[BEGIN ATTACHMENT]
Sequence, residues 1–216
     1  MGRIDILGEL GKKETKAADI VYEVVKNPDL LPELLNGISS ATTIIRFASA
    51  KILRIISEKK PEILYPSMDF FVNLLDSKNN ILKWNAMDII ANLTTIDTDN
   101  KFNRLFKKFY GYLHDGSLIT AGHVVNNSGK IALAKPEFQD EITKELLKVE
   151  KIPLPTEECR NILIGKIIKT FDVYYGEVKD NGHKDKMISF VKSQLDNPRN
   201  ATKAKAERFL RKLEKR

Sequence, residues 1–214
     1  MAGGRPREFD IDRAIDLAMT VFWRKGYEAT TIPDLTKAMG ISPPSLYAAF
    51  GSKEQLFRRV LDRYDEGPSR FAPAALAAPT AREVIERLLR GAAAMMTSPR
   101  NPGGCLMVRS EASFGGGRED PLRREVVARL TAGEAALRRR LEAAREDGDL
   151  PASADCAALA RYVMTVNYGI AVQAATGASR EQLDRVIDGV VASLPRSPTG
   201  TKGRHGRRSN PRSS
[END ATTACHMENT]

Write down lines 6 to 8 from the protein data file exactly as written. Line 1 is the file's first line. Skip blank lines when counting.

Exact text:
   201  ATKAKAERFL RKLEKR

Sequence, residues 1–214
     1  MAGGRPREFD IDRAIDLAMT VFWRKGYEAT TIPDLTKAMG ISPPSLYAAF